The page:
An oil and miticide treatment can control the European red mite, but watch out for beneficials.
The European red mite is a pest of many crops and ornamentals. It is most commonly a problem on fruit trees like apple, pear, plum, prune and cherry trees, but other hosts include rose, black locust, elm, hawthorn, privet, lilac, chestnut, and alder buckthorn.
In the U.S., it was first recorded in Oregon in 1911 and has since become common throughout the U.S. and Canada. European red mite has a long history of developing resistance to miticides. As a result, there has been much work on biological control, with many instances of success.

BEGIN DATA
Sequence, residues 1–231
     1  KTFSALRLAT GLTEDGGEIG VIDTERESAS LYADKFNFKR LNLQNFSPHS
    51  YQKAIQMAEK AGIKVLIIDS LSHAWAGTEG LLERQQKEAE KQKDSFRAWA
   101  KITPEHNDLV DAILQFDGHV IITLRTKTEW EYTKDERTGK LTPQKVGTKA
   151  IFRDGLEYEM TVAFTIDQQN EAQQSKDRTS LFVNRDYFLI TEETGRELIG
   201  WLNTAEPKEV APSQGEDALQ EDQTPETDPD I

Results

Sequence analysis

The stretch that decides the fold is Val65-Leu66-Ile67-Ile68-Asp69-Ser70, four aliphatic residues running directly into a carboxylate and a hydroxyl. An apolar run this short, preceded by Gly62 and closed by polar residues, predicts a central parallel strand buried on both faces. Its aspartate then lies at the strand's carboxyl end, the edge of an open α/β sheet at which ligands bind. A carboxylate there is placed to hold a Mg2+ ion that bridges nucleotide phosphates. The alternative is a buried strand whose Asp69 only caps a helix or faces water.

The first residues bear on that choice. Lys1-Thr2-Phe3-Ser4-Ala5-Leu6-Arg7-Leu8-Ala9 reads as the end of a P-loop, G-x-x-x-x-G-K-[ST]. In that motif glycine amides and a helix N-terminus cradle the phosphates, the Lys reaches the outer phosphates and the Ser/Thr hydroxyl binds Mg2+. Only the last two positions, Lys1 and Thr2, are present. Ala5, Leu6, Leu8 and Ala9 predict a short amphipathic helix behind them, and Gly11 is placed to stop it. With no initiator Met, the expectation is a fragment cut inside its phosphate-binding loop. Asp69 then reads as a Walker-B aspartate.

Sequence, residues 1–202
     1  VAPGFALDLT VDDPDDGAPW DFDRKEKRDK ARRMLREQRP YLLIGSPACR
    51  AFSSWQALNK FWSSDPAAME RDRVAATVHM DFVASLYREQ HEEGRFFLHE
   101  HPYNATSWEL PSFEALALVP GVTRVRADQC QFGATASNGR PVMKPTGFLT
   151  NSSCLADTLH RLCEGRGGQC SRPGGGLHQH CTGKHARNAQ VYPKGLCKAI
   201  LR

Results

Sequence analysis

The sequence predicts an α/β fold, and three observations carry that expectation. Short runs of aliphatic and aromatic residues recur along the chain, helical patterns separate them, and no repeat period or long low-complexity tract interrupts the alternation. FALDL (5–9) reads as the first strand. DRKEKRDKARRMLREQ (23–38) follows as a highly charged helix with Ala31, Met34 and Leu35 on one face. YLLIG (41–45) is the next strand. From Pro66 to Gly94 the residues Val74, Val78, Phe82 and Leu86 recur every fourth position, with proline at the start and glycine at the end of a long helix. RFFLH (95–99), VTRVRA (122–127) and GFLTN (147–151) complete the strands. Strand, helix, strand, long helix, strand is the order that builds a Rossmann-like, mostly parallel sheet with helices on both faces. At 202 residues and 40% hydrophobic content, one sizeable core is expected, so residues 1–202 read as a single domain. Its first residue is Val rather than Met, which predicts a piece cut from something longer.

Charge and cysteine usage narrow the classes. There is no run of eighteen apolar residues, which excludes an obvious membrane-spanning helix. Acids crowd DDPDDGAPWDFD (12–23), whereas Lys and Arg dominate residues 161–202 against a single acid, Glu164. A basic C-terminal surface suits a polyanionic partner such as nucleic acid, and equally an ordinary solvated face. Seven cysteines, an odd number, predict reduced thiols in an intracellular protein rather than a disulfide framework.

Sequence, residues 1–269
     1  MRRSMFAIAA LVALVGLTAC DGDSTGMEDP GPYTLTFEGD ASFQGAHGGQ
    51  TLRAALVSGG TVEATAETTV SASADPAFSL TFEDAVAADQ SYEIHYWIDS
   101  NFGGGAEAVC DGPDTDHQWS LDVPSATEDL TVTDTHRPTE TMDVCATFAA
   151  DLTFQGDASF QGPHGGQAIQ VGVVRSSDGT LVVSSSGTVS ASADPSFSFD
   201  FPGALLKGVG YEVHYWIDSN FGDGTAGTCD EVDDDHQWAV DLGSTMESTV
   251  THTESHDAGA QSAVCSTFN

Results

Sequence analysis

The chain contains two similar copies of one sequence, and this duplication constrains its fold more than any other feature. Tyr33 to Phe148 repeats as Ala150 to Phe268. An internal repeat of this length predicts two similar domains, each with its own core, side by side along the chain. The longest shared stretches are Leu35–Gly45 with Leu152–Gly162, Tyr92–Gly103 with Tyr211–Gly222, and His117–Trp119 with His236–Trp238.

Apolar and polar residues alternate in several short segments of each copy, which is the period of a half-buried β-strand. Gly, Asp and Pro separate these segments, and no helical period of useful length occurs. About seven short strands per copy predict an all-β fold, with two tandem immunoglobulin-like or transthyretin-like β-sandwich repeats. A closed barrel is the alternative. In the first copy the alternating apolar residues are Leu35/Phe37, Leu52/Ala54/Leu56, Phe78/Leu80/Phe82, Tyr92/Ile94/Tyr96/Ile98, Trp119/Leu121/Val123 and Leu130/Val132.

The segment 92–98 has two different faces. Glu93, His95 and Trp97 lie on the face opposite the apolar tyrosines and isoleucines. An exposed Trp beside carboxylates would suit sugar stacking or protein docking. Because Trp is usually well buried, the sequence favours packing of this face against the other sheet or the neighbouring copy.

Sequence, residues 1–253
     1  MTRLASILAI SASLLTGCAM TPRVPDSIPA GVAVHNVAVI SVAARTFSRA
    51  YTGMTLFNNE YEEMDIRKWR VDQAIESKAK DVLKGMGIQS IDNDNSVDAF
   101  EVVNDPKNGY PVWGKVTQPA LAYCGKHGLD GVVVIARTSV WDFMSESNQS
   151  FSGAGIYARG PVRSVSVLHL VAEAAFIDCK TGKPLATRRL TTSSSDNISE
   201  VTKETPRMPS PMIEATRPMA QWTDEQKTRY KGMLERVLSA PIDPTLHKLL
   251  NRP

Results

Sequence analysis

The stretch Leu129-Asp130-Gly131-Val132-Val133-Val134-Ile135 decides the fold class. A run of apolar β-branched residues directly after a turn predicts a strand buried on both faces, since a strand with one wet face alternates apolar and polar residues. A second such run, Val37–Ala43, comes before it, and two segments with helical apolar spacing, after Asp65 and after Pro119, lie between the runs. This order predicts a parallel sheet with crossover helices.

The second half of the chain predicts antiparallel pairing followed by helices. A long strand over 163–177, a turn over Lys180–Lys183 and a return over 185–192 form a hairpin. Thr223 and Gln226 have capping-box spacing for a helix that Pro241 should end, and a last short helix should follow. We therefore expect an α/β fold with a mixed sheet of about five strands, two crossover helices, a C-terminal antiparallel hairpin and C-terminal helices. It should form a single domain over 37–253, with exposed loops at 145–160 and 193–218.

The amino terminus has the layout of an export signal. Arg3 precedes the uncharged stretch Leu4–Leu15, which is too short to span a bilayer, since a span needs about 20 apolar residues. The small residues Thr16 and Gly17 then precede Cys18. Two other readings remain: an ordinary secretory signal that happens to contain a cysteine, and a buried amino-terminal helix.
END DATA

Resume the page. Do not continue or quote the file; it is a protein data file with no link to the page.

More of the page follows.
When choosing a miticide, in addition to its efficacy, growers should check how selective it is toward beneficial arthropods, especially predatory mites. Use of a selective miticide greatly enhances the chance of establishing biological control, which should be the ultimate aim of any mite control action.
Sources: University of Kentucky Extension, Washington State University